Lindstrom told SB Nation that pre-shot meditation helps him overcome anger so he can cope with stress, anxiety or pain. “Every time I overcome something, in spite of what has happened, that’s one more time,” he said. “One more success makes it easier every time.”
Depression has long been a “taboo” topic, with a stigma surrounding clinical treatment. That stigma is decreasing as news outlets and celebrities like Ruby Rose, Demi Lovato, John Green and Jared Padalecki discuss mental health and encourage others to seek help.
Depression is nothing to be ashamed of, yet many battle daily depressive thoughts in silence. Discuss treatment options with your doctor, and consider trying archery to re-center your focus and take your mind off grueling demands.
Archery fuels your spirit.
The National Wellness Institute lists “spiritual wellness” as one of holistic wellness’s six dimensions. According to NWI co-founder Dr. Bill Hettler, this means finding meaning and purpose in human existence.
Compound archer Samantha Tucker traces her meaning and purpose back to her thoughts, and encourages others to do the same.
Tucker is an Air Force veteran and Rio 2016 Olympic hopeful. She grew up on a Nebraskan ranch, and never dreamed she would one day be described as an “elite athlete,” especially after losing her left hand in a motorcycle accident.
“Every action is rooted in the thought that produced it,” Tucker told Archery 360. “Whether it’s archery or anything else, becoming aware and raising awareness of thoughts we think about, even in the background, is so important. If you’re not happy where your arrow is hitting or where you are in your life, it all goes back to your thoughts. I was born able-bodied and lost the use of my left arm. That event could’ve been a bad thing, but I chose to make it a good thing.”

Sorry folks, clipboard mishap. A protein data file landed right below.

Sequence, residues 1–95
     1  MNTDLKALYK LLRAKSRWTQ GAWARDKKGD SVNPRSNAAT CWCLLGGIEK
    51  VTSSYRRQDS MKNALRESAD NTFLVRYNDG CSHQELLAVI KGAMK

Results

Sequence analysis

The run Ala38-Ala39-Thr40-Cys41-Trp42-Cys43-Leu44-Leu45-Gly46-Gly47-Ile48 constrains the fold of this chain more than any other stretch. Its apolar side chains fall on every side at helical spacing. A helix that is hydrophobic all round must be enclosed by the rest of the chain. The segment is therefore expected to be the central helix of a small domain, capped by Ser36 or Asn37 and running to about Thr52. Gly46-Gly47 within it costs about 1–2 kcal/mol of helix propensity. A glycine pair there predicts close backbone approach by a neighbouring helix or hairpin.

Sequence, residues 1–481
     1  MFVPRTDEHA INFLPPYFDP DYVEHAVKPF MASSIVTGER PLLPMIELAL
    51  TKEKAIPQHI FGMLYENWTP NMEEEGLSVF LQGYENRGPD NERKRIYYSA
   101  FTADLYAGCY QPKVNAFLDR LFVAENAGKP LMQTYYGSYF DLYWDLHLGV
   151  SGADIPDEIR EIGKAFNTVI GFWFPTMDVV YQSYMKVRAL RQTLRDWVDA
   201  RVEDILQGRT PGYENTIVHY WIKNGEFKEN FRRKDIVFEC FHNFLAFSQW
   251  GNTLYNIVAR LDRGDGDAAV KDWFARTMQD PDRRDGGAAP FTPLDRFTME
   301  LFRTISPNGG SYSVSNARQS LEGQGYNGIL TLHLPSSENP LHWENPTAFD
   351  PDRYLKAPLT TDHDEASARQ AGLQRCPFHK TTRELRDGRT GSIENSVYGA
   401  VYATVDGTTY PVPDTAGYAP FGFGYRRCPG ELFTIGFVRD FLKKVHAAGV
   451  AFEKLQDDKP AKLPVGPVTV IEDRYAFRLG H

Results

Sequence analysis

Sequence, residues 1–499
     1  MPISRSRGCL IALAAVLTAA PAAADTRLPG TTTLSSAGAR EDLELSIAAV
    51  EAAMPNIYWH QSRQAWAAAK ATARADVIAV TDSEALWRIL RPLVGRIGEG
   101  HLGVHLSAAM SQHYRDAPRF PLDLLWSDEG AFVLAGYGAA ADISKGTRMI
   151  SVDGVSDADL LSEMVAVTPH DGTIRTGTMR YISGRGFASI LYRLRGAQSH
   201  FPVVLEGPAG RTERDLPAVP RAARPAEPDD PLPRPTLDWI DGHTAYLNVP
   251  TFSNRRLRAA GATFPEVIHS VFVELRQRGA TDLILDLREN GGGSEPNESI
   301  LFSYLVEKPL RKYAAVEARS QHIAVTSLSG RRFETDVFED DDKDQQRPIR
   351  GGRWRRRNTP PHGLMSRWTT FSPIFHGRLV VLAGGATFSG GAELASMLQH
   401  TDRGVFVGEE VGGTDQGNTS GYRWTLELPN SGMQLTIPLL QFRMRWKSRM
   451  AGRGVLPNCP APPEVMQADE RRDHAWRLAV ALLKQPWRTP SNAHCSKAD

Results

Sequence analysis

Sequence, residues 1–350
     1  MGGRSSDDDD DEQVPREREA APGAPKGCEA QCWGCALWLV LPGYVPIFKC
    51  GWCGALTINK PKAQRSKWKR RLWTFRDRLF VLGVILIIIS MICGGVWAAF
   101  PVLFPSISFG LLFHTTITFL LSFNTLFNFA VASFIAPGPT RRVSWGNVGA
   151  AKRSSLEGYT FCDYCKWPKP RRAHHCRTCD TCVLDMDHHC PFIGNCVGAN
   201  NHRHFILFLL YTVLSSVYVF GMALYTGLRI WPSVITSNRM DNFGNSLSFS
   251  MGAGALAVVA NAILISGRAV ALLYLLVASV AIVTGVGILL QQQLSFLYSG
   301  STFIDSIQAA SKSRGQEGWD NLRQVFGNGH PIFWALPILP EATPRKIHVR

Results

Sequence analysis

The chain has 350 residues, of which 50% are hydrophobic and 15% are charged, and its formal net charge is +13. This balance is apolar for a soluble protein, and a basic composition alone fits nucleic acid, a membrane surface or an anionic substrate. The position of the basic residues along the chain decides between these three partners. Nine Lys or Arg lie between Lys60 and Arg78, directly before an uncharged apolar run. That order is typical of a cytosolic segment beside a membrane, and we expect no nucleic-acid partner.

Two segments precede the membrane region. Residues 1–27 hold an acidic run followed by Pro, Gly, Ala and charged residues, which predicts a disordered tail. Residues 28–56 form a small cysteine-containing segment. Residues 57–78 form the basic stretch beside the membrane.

Tucker relates the power of thoughts to other trials. “Divorce, career loss, personal tragedy, down to the smallest thing, your car breaking down,” she said. “It doesn’t matter what the event is. You get to assign the meaning, so choose well. You’ve got that power.”
By “choosing well,” Tucker achieves spiritual wellness, and inspires others to do the same. “What this archery journey has provided me is a world stage for encouraging and motivating people,” Tucker said. “I love to see people challenge their own perceived limitations. A lot of times, people believe they have limitations, but no facts to back it up. It’s just a belief they have. I’m looking forward to the whole experience and the opportunity this is going to give me to encourage, motivate and inspire other people.”